Royal Chase(9)By: Sariah Wilson
This. This was why I wanted to stay away from Dante and focus my attention on Salvatore. He had just given me one of the most amazing kisses of my life and ten seconds later he had another girl draped all over him. It made my stomach turn. I didn’t need this.
I didn’t need him.
Dante flashed me a satisfied grin as if to say, “See? I told you it would work.”
I’d never wanted to punch somebody so badly in my life. But I didn’t know whether I wanted to hit him or her. Both, probably.
I refused to look at or talk to Dante for the rest of the night. And just as he had predicted, Salvatore didn’t leave my side. Before I hadn’t even existed, but now I was the center of his universe. He was funny and charming, but not as funny and charming as Dante. But it didn’t matter. I refused to go down that road. Tonight was a spectacular example of why.
That soft, sweet kiss had very nearly made me spontaneously combust. I wondered what would happen if he ever kissed me and meant it.
I wouldn’t have to wonder for long.
I explained the situation with the girl in the bathroom to Taylor Hodges, my former sorority sister and recently promoted field producer of Marry Me. She was on a headset faster than a hare with a hot foot, talking to whoever was in charge, and the decision was quickly made that the girl in the bathroom would have to be let go. They ascertained that her name was Brittney, and they located her luggage, returned her stained dress even though I didn’t get the chance to clean it, and had her in a taxi and on her way to the airport before I even knew what was happening.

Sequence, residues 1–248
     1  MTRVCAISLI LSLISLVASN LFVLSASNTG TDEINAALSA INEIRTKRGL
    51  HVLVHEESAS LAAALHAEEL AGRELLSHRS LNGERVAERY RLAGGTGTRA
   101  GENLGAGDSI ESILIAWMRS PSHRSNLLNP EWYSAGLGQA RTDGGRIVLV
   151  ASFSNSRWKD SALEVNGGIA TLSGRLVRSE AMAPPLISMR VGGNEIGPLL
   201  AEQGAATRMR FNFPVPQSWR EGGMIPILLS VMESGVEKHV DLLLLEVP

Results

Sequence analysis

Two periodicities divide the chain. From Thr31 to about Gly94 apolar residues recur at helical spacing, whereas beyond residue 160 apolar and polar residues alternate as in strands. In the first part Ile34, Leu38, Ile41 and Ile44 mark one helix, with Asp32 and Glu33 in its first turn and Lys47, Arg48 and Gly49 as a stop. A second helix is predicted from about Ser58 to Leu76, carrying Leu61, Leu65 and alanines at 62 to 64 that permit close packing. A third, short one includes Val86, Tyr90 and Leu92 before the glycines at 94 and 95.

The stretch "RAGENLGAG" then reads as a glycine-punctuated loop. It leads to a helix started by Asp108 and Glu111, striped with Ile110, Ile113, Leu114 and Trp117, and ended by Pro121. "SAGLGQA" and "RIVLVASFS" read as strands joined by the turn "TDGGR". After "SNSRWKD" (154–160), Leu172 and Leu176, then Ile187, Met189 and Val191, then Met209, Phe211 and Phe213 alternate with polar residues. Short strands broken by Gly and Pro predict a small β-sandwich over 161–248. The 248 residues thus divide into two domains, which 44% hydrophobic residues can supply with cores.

And she took my blazer.
An order went out to sequester all of the girls in their hotel rooms so the production team could find out who knew what. As far as the team was concerned, the show would be ruined if even one girl suspected Dante had a title.
An emergency meeting was called in the conference room, and Dante was invited. He nodded his head toward the door, letting me know that he wanted me to come too. The room was crowded with executives and crew members, all talking at the same time on their phones and to each other.
Assistants ran in with reports from each of the girls. Brittney had told two other girls about Dante, and they were sent home just as quickly. The other women still appeared to be in the dark.
Unfortunately, the show only had two alternates, which left them with one slot open.
“We could just do it with twenty-four women,” said one of the executives.
Another executive, a woman with a severe silver bob, shook her head. “But we always have twenty-five! Always! Not only will it upset the viewing audience, but the other girls will wonder why we’re one short. It will tip them off that something’s going on. We can’t risk it.”
“We’re filming the first episode tonight,” said a heavyset man with a baseball cap. “Everything’s been set up and ready to go, the permits have been pulled, and if we delay things even a day, it will mess up the entire schedule.”
“We can’t afford that,” someone else said, and several people nodded their heads.
“Matthew is going to kill us if we mess this up,” said a small, accountant-looking man in a three-piece suit.
Matthew Burdette was an executive producer. He owned a massive conglomerate with a very famous production company, and he had his fingers in television and movies and owned a crapload of radio stations. His wife, Stephanie, was a former A-list movie star turned talk show host. Together they ruled Hollywood. He was not a man you would ever dare cross, especially in my line of work. He could effectively keep me from working with any TV or radio show ever again if I made him mad.
And he had a temper.
“Who’s going to call him?”
The room fell silent. Nobody was willing to risk professional suicide.